Finding the right nursing home is difficult, but a great tool is knowing what violations the government has found during inspections. But finding this information can be difficult. That’s why we’ve made it easy for you. We compiled inspection data from the federal Centers for Medicare & Medicaid Services for nursing homes and made it searchable by facility name, or zip code if you want to check out several facilities in a geographic area.
(NOTE: SCROLL DOWN FOR A LEGEND EXPLAINING THE INSPECTION RECORD TYPES)
LEVEL 1: Letters A, B, and C – means no actual harm to resident(s) occurred nor was there the potential to cause anything more than a minor negative impact on the residents.
LEVEL 2: Letters D, E, and F – means the violation the nursing home received did not cause actual harm but results in minimal discomfort to the resident or has the potential to cause harm. These are very common citations in nursing home surveys.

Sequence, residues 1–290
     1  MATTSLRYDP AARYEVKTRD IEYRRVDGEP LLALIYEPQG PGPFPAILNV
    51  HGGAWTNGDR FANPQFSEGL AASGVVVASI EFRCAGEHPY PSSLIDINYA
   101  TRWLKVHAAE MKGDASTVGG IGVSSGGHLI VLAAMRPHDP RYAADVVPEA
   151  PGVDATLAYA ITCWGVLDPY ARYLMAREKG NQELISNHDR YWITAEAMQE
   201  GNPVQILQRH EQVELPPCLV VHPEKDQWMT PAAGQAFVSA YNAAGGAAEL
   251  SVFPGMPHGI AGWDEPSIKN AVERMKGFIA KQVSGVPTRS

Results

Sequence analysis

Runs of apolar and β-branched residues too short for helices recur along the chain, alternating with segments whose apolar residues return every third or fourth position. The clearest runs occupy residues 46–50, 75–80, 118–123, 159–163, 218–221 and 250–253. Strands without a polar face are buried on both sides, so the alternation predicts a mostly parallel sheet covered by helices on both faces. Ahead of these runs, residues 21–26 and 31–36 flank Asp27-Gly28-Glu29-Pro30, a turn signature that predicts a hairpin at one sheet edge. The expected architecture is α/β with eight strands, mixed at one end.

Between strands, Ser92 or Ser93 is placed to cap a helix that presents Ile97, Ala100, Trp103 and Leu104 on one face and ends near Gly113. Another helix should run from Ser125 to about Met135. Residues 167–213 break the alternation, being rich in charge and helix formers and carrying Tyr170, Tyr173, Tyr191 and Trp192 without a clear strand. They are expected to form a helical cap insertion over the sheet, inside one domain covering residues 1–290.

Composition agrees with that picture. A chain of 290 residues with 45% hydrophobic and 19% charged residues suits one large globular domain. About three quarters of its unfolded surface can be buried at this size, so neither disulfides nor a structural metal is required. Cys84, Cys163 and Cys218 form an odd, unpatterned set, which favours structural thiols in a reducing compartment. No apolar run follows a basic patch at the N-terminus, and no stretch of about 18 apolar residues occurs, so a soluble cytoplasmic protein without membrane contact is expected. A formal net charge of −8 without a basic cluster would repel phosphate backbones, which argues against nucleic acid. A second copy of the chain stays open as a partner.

LEVEL 3: Letters G, H, and I – mean actual harm has occurred to nursing home resident(s).
LEVEL 4: Letters J, K, and L – represent immediate jeopardy, a situation in which immediate corrective action is necessary because the nursing home's violation has caused, or is likely to cause, serious injury, serious harm, impairment or death to a resident receiving care in the facility.
ISOLATED: meaning the problem affects a very small number of residents or a limited number of staff are involved or that the situation occurred only occasionally. A good rule of thumb for this isolated column is 3. If something affects 3 or less residents, it will usually be considered “Isolated."
PATTERN: meaning more than a few residents are affected, more than a limited number of staff are involved, or there are repeat occurences. The rule of thumb for this column is 75%. If a deficient practice affects more than 3 residents but less than 75% of the nursing home population, it generally will be considered a “Pattern."
WIDESPREAD: meaning the problem affects a large number of residents or there is a systemic failure in the facility. The rule of thumb here is if the deficient practice affects or has the potential to affect more than 75% of the nursing home's residents.
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